Kenya’s 2010 Constitution legalized safe abortion services when the life or health of a woman is in danger and in cases of emergency, with the aim of decreasing the high rates of mortality and morbidity resulting from unsafe abortion. However, Kenyan women today continue to be denied these services. This is largely due to a decision in December 2013 by the Director of Medical Services to arbitrarily withdraw the government’s “Guidelines for Reducing Morbidity and Mortality from Unsafe Abortion” and a ban on safe abortion training for health care professionals, causing great confusion as to when legal abortions can be provided.
In June 2015, the Center for Reproductive Rights filed a
case against the Ministry of Health in the High Court of Kenya for undermining women’s constitutional rights and contributing to cases of maternal death by denying countless women, including rape survivors, access to safe, legal abortion.

Tags: Kenya, abortion law and policy, court cases


Tasmania’s abortion law reform 2013: an overview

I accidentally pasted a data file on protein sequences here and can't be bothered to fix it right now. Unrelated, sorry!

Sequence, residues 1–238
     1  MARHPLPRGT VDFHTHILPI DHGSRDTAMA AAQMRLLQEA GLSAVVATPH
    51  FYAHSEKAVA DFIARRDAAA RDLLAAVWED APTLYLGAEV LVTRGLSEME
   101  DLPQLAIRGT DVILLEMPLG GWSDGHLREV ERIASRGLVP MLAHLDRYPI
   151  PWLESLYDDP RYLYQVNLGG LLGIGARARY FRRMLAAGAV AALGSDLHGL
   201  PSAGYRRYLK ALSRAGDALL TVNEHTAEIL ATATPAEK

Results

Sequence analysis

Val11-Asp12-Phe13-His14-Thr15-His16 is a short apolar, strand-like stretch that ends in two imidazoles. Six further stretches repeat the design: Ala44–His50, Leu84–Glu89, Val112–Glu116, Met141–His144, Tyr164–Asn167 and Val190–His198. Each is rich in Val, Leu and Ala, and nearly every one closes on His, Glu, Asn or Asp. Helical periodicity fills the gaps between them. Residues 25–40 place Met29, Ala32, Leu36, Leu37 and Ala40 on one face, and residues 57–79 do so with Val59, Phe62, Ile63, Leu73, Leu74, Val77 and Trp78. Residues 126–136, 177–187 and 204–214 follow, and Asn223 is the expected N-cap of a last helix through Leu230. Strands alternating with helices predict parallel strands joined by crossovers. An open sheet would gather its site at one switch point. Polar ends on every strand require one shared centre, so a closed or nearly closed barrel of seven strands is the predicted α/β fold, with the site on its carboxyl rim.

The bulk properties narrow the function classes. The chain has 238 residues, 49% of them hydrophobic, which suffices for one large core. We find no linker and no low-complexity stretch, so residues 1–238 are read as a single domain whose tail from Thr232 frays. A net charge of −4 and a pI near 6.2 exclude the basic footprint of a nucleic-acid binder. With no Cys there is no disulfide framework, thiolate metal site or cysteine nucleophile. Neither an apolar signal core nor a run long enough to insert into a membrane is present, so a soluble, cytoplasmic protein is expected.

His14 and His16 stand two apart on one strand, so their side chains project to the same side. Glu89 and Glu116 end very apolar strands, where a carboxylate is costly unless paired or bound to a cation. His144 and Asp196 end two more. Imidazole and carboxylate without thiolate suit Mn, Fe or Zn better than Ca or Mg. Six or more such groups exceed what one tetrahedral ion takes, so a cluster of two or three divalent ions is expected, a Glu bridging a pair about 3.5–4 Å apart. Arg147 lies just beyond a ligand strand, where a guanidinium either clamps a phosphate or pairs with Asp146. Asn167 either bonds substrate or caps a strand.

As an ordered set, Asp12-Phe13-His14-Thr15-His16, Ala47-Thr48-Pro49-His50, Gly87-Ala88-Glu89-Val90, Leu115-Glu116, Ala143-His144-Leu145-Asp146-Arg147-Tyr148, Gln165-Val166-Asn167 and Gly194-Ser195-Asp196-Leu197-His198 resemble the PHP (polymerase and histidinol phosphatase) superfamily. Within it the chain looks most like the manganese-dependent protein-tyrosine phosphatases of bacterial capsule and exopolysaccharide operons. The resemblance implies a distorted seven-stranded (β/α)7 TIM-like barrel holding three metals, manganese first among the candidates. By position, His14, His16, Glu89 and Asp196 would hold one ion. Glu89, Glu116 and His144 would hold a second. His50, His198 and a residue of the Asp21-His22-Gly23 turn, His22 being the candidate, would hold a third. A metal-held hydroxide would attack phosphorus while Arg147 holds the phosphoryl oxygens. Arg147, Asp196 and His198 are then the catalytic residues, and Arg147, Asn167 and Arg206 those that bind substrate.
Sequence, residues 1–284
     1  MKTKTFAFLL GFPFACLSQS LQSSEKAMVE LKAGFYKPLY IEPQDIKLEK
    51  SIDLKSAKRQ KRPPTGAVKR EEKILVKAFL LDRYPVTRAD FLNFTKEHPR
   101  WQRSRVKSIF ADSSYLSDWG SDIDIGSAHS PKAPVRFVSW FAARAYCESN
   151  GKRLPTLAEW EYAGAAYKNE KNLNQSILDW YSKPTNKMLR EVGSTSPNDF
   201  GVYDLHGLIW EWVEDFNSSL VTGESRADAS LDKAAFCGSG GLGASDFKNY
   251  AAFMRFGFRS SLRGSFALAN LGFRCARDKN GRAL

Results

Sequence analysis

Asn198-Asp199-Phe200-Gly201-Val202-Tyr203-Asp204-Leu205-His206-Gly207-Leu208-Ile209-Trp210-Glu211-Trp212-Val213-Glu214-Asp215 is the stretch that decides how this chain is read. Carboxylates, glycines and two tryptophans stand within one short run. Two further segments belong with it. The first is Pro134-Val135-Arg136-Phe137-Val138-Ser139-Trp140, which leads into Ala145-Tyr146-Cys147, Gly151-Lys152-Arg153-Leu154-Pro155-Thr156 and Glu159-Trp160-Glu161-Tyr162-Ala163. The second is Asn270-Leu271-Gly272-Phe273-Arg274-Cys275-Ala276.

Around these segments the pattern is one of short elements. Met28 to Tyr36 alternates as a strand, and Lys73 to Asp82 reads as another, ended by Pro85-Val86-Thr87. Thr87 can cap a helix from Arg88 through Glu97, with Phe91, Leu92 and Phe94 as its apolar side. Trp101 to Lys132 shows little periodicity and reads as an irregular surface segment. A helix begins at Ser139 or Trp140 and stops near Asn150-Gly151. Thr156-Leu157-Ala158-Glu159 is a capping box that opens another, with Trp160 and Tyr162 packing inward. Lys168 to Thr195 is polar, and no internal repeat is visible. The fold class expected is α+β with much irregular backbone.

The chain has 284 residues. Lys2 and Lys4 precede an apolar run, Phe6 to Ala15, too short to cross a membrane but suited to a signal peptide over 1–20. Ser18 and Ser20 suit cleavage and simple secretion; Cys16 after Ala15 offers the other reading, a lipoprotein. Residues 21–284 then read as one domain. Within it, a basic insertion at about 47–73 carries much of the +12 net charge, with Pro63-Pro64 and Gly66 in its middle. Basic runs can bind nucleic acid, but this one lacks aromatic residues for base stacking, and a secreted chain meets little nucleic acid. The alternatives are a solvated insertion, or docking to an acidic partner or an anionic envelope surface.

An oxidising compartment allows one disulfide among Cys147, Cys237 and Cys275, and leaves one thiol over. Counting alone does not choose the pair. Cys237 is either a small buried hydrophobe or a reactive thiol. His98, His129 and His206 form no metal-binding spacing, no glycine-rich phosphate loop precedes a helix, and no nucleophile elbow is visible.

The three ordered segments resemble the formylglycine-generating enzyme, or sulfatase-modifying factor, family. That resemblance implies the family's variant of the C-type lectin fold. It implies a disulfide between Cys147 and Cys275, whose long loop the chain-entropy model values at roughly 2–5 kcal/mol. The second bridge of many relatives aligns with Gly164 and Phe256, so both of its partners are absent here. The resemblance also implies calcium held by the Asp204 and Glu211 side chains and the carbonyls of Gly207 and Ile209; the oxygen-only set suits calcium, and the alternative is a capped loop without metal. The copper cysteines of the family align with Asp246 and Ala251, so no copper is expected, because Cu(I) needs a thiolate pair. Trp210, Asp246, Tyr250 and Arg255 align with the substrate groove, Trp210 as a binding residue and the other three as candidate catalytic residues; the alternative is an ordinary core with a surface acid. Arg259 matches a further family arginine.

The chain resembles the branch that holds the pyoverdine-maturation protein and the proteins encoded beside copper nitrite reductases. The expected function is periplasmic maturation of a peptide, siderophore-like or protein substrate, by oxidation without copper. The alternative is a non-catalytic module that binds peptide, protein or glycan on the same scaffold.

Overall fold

by Ronli Sifris
On 21 November 2013, the Tasmanian Parliament passed legislation decriminalising abortion. Given the controversial and emotive nature of the subject matter, the passage of the legislation was long and difficult and, as is often the case when legislation is passed dealing with issues about which people feel very strongly, the outcome represents a compromise position. Significantly, like the 2008 law which decriminalised abortion in Victoria, Australia, the new Tasmanian law removes the crime of abortion from the Criminal Code. It introduces a new framework, regulating abortion as a health issue rather than a matter for the criminal law.